What Happened to Liberty in the The Hunger Games Movie?



As expected, The Hunger Games blasted through doors off movie theaters last weekend, raking in $152.5 million in its opening weekend. That represents the third highest domestic box-office gross in history, trailing just behind the last Harry Potter movie and The Dark Knight. This should have been good news for liberty lovers, as I noted in an earlier post on this blog based on a review of the books. But alas, perhaps not. The pro-liberty theme, particularly the individualist element, was diluted in the movie adaptation of the books. The reasons why, and the implications for future adaptations of books with liberty themes, are important for those interested in seeing liberty play a more prominent role in popular culture, particularly movies.

Movies are a different medium than books, and storytellers have to script their characters and plots to fit the visual aesthetic of conventional film. For commercial films, this appeal has to be broad to position the film for success. Unfortunately, “idea movies” simply don’t fare well at the box office. Atlas Shrugged, for example, grossed just $5 million during its run in the US, about the same as the anti-Wall Street film Margin Call (which featured much bigger name actors). The Adjustment Bureau with Matt Damon did better, breaking $60 million. That’s respectable number, but far short of a box office hit. You get the point.

The core problem is that the trappings of commercial movie production make idea movies a hard sell. Moviegoers are brought in the theaters based on emotional conflict, not grand ideas about politics or economics. These conflicts have to be personal, not abstract. So, it’s not so much the oppression of the State that motivates Katniss in the movie as much as her promise to her sister Prim to win and come home.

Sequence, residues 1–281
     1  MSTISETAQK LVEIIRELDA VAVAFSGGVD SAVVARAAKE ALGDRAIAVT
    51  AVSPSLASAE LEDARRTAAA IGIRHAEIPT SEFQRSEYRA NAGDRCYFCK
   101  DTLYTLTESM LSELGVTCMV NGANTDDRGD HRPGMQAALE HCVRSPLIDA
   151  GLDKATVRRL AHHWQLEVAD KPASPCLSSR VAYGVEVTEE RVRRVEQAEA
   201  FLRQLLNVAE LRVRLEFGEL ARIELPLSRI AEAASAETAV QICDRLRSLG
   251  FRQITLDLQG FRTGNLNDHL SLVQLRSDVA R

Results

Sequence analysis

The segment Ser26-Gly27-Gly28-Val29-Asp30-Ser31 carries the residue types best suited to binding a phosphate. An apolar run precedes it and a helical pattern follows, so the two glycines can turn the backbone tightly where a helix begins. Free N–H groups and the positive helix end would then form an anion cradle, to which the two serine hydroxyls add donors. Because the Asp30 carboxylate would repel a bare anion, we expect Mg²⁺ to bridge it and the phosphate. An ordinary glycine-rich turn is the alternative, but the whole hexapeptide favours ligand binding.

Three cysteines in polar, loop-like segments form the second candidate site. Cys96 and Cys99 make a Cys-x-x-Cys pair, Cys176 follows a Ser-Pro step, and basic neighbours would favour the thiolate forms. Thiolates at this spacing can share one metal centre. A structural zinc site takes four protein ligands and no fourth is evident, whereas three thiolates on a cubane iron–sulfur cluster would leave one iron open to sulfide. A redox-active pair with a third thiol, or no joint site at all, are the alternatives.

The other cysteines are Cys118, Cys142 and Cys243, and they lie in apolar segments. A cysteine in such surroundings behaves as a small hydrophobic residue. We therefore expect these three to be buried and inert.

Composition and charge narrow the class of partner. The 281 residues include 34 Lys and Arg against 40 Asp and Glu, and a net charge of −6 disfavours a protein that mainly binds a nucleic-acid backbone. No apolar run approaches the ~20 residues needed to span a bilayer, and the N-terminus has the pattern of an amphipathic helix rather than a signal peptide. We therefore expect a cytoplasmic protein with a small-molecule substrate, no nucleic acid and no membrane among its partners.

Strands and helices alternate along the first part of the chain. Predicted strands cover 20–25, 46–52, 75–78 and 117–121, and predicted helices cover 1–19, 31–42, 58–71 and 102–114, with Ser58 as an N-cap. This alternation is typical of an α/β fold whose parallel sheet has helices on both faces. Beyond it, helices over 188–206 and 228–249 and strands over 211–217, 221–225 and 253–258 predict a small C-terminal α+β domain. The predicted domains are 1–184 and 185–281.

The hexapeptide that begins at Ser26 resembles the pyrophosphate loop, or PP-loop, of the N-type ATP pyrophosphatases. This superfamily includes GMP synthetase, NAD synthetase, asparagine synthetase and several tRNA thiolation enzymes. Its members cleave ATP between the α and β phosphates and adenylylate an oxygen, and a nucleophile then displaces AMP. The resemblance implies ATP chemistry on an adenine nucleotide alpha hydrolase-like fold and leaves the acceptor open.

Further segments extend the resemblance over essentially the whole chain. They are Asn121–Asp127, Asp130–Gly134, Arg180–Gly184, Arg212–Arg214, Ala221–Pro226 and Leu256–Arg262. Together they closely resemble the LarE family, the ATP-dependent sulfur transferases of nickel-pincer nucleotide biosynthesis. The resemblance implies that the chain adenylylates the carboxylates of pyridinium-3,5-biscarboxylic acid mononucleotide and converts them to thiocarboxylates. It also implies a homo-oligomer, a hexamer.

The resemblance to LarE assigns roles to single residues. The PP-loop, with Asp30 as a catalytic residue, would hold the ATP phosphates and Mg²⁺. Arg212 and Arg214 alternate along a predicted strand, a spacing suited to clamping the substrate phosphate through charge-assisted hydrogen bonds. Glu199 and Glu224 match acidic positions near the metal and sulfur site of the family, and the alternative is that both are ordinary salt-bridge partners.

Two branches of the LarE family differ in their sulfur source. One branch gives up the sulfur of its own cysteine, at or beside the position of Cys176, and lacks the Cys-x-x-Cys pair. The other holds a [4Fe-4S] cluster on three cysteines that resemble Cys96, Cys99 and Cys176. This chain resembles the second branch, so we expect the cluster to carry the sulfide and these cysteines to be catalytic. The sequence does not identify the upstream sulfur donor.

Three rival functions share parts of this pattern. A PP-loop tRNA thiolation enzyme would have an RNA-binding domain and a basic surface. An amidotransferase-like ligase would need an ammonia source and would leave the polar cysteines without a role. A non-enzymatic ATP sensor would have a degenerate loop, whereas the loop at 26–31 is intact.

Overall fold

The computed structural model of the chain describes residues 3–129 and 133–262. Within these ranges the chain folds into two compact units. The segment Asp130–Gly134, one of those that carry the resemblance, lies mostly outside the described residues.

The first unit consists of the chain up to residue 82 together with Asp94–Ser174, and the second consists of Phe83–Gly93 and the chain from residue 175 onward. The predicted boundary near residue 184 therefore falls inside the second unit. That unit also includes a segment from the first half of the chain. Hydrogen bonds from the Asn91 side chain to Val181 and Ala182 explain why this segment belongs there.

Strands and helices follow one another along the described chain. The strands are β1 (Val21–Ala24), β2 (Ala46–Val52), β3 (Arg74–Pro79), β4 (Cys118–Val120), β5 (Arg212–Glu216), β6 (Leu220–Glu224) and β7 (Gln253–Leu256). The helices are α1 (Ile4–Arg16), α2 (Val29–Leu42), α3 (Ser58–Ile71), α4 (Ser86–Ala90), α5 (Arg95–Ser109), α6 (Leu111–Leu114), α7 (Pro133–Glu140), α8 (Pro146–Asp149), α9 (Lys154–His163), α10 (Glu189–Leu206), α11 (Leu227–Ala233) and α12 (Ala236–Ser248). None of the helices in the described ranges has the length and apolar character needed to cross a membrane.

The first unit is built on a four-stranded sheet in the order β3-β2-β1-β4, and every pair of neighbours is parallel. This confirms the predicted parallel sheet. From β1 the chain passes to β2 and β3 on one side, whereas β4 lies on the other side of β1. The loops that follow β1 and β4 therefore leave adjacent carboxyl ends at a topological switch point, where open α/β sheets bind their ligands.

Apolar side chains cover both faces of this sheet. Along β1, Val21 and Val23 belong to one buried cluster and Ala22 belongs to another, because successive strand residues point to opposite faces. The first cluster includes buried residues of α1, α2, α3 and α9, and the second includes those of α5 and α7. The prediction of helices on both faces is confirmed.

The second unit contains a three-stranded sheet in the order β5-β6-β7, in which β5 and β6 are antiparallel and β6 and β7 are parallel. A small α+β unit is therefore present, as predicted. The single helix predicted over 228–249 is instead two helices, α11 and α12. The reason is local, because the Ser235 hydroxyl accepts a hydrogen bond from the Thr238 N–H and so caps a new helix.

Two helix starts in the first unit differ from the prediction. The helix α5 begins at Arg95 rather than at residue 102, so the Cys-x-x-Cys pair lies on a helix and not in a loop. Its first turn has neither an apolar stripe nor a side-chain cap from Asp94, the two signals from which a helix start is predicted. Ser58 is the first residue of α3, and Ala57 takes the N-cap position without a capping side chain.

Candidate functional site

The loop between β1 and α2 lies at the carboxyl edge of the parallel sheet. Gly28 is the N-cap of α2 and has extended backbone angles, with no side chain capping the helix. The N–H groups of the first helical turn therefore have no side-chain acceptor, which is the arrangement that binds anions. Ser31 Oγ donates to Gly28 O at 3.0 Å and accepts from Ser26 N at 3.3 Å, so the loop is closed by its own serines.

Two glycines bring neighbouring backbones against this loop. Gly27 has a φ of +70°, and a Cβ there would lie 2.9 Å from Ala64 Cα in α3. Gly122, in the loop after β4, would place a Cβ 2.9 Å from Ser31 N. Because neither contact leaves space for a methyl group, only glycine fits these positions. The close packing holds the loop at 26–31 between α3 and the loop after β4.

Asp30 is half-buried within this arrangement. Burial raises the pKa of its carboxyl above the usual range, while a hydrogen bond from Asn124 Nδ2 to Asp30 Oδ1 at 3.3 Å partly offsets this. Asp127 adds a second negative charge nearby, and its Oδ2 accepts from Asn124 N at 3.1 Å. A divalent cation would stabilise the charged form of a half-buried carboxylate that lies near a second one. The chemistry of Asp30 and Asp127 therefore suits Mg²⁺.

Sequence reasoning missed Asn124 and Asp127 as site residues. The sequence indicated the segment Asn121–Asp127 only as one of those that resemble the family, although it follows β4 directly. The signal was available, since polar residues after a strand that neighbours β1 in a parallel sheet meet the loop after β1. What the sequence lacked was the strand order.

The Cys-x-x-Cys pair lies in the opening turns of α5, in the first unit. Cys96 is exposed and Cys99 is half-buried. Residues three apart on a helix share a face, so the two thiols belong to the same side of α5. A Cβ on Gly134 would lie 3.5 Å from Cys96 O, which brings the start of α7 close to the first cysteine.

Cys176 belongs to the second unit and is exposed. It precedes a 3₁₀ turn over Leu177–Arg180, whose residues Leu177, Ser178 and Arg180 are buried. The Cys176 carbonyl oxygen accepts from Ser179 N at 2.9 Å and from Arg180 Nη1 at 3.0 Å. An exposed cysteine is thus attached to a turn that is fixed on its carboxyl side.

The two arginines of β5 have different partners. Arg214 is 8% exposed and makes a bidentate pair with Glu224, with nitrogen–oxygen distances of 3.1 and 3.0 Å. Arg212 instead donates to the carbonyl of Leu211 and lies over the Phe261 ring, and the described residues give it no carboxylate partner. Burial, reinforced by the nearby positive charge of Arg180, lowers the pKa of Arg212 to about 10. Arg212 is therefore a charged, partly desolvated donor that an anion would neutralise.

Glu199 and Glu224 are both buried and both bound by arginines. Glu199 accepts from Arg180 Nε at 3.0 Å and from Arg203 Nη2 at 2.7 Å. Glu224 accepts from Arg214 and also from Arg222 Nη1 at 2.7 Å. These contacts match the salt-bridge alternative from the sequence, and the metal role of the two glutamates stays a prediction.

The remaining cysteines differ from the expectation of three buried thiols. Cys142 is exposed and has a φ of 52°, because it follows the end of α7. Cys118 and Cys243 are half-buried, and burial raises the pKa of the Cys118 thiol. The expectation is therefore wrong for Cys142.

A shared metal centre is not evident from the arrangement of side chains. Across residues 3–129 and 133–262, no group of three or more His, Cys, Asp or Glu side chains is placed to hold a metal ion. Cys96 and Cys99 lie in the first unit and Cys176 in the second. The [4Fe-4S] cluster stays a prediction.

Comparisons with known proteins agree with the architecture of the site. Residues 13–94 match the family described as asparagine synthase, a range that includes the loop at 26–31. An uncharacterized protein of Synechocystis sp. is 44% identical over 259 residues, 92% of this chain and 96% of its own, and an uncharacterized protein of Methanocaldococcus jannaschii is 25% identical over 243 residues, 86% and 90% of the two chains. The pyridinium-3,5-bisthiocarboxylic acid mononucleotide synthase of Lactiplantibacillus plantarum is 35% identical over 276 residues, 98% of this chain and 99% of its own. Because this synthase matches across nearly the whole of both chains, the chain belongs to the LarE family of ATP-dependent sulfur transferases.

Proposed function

In the book trilogy, Katniss Everdeen is almost Randian in her individualistic quest for liberty. Before the Reaping, her biggest source of angst is against the imperialistic oppression of the Capital District. Her relationship with her best friend Gale Hawthorne hinges on a mutual hatred and resistance to the State’s oppression of their community (District 12) as well as themselves as individuals; they aren’t reacting to the oppression of the collective as much as the constraints on their own freedoms of association and economic opportunities.

Notably, a libertarian friend’s teenage child told him she hates it when people bring politics into a discussion of The Hunger Games. For most readers and movie goers, the story is more about personal struggle and survival, not self identity, personal freedom, colonialism, or even economic tyranny even though these themes are very clear and I would argue integral to the storyline of the books. Thus, the quest for individual liberty is reduced to a survival story in the movie, motivated by a sister’s undying love and self-sacrifice. These are certainly noble values, but they fall short of the liberty-laced thoughts and actions of the books. Katniss Everdeen remains very much an individualist in the movie, but it’s her practical side of doing everything necessary to win the games that drives the plot.

This is unfortunate. Most baby boomers have a contemporary understanding of the brutal realities and efficiencies of totalitarian states embodied in the Soviet Gulags, Chairman Mao’s Cultural Revolution, Cambodia’s killing fields, Rwanda’s tribal massacres, and the terrorism of dictators such as Uganda’s Idi Amin or Augusto Pinochet in Chile. The terrorism embodied in the intentional cruelty and oppression of the Capital District is not a fantastical abstraction of something left to the stuff of science fiction. For younger generations, however, the brutal efficiency of the totalitarian state is in danger of becoming an abstraction.

Moreover, these oppressive regimes, many of which were responsible for the torture and murder of tens of millions of people, were overturned through the heroic efforts of individual leaders, making individual sacrifices, and putting higher values above risks to themselves. In short, successful resistance to collective oppression has come in the form of the Katniss Everdeens in the books, not the movie. These individuals, like the Czech Republic’s Vaclav Klaus or Poland’s Lech Walesa, were motivated by ideas.

I can only hope that the commercial success of the first movie will give the screenwriters the freedom to complete the arc of Everdeen’s character toward this more even heroic figure over the next two movies.

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